Anarchy in Chicago: "My kinda town"
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Call it what you will, but the March 10 Hispanic-led tantrum in Chicago against tougher immigration laws was anarchy at its best, and it was aided and abetted by politicians sworn to uphold the law. You can read all about it in the Chicago Tribune, Chicago Sun-Times and the Daily Herald. And be sure to visit the Tribune's colorful photo gallery.

Naturally, there were plenty of theatrics that included flag waving, although it's pretty apparent Old Glory had some pretty stiff competition from other nations like Ecuador, Colombia, Guatemala and Mexico that are only too eager to dump their poor onto the backs of American taxpayer but only as long as they continue to send billions back to those countries that, uh, don't want them to come home because their large numbers would "destabilize" their societies.

Rep. Luis Gutierrez (D-IL), who was listed as an "unidentified male" in the transcript of Lou Dobbs' Friday broadcast, was about as fired up as any real patriot could be: "Raise those American flags!" he shouted to the 100,000 said to have participated. "This is our country, and this is where we will stay." Of more significance was this from Gutierrez: "Together you are a voice that is unstoppable." (Is it me, or does this sound like a call to others around the world to break our laws?)

The parade's organizers, probably eager to drive home the point they are no different than the rest of us, asked for and received a moment of silence to remember our troops in Iraq and a reading of the Pledge of Allegiance. (Where's (sniff) my (sniff) apple pie?)

Mayor Richard Daley, who for years said he won't stand for crime and corruption in his city, said he's OK with the crime of being here illegally: "We won't make criminals out of the undocumented: "That is not what America has ever stood for," said the man whose administration in recent months has reeked of wrongdoing that has the feds licking their chops. "Everyone is an immigrant."

Rod Blagojevich, himself a son of immigrants, juiced the crowd when he said in Spanish he understood their values and concerns, neither of which apparently involves respecting another nation's values and concerns. If you're the kind of person who just can't get enough of "sob sister journalism," Chicago was your kind of town during the past few days:

"Uriel Alfaro can't understand why people think he doesn't belong in the United States. "He pays taxes. He goes to church . . ."(So did Al Capone. Well, OK, one out of two ain't bad.) "I need my parents," said a sign carried by an 11-year-old here legally but whose parents aren't. "It's not just a Latino issue," said construction worker John Murphy, here illegally from Ireland. "We're good people and just want a fair chance. "(Remember when a "fair chance" meant standing in line with everyone else and playing by the rules?) Among the non-political performers who did their best during the 5-hour-long carnival dedicated to trashing the rule of law and our sovereignty, not to mention mocking legal immigrants and those who wore the uniform of the United States, was loudmouth radio show host Rafael Pulido, who also goes by the name "El Pistolero." Anybody willing to hazard a guess as to what Mr. Pistol was getting at here?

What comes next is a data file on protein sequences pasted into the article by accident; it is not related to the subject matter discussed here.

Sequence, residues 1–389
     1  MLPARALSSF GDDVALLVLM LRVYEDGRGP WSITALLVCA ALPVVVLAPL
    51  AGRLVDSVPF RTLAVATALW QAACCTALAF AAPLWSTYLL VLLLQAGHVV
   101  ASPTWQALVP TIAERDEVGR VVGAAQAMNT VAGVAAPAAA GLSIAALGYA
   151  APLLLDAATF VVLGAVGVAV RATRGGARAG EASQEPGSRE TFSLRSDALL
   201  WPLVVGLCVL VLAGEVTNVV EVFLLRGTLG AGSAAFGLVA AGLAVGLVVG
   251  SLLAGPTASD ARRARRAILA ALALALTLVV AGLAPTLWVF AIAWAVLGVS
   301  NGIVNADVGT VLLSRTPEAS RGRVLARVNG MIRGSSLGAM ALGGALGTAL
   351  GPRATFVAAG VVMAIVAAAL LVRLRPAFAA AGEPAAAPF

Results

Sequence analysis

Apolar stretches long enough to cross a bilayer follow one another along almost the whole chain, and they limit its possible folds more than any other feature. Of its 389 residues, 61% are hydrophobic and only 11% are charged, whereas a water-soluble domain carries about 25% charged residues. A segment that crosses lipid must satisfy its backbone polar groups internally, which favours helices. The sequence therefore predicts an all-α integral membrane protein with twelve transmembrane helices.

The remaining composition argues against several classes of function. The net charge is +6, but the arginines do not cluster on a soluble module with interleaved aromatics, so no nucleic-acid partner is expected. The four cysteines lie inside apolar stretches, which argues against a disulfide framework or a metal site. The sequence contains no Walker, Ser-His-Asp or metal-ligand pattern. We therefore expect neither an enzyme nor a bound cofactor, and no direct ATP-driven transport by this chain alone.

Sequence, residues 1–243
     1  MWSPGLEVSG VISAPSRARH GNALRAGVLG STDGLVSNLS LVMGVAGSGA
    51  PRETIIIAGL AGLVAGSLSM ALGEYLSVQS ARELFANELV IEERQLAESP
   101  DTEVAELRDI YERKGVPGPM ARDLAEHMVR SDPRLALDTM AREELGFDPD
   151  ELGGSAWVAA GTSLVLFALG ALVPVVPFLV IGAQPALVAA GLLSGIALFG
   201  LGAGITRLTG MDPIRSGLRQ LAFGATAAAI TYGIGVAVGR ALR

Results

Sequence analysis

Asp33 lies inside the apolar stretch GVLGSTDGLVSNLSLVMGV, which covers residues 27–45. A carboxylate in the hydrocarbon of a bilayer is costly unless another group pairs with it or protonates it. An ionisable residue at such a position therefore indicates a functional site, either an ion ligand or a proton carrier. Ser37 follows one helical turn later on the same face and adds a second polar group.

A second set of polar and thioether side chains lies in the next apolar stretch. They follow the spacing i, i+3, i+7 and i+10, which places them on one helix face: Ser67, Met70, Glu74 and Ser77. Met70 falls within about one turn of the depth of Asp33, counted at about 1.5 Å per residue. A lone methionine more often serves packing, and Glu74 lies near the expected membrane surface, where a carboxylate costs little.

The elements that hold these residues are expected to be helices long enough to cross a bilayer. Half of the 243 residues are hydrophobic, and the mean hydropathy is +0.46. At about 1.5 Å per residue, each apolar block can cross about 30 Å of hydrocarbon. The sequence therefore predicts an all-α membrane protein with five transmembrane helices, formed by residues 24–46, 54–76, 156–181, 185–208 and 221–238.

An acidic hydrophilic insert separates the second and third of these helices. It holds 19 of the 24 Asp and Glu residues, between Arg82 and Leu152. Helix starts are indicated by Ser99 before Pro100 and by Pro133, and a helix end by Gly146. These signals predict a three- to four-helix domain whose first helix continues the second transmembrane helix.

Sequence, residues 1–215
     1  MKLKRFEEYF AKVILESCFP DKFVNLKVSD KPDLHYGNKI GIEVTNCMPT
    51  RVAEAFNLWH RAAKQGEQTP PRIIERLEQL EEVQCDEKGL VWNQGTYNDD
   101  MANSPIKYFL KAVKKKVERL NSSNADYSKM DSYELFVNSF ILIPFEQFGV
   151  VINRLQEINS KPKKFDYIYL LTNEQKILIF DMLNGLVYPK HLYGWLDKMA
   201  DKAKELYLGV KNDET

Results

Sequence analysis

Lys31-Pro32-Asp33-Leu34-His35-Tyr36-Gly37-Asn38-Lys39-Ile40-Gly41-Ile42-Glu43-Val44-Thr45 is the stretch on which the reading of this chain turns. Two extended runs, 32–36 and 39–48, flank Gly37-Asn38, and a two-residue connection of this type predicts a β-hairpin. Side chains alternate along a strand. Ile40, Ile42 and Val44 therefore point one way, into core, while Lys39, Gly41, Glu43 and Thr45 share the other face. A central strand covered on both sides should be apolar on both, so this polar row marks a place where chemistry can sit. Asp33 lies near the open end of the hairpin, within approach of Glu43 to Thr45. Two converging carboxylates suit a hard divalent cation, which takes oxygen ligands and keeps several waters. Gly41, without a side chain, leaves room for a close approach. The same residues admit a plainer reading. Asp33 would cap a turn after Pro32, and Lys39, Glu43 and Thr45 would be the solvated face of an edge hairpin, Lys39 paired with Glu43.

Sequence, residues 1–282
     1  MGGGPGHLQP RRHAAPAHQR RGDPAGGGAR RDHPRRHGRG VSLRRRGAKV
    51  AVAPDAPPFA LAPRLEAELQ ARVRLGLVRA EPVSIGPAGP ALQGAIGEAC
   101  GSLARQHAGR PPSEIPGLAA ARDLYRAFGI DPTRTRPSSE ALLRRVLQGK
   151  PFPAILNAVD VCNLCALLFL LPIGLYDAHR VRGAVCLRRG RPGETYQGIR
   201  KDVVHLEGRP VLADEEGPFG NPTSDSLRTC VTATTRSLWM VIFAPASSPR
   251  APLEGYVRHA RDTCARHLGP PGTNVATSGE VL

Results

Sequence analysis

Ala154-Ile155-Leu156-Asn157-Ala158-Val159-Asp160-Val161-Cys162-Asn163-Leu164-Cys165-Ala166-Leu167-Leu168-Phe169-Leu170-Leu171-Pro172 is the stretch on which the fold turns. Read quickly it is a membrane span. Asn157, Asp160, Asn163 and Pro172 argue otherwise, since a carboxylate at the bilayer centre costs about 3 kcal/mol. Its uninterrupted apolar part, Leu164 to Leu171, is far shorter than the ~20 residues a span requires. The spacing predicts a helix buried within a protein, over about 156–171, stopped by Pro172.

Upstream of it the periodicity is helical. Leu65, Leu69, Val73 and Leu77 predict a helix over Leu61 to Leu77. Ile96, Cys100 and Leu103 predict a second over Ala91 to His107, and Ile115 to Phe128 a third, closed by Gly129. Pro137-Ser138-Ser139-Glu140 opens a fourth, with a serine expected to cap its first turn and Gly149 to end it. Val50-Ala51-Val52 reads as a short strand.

"You messed with the wrong race because you messed with the human race."

Last but not least was master showman Joshua Hoyt, executive director of the Illinois Coalition for Immigrant and Refugee Rights. Hoyt loves melodrama, and he was in top form ( although, as usual, completely out of the ballyard with his understanding of the facts):

"You're seeing the beginning of the Latino civil rights movement in this nation." (Can we see the hands of all those Latinos here legally who don't have civil rights?) As unsettling as this demonstration was for those of us who still place high value on certain things related to this republic and the principles on which it rests, I think what troubled me most is knowing that out there are more Alpha Bahs who haven't a clue about what U.S. citizenship is all about.

African Bah, who hails from Guinea, said after becoming a citizen during a naturalization ceremony in the State of Illinois Building: "The rally was exciting. "Now, when I vote, I have to make sure that I help protect the rights of immigrants in this country." Memo to Mr. Bah: Frankly, you're not exactly what we're looking for in terms of new citizens.

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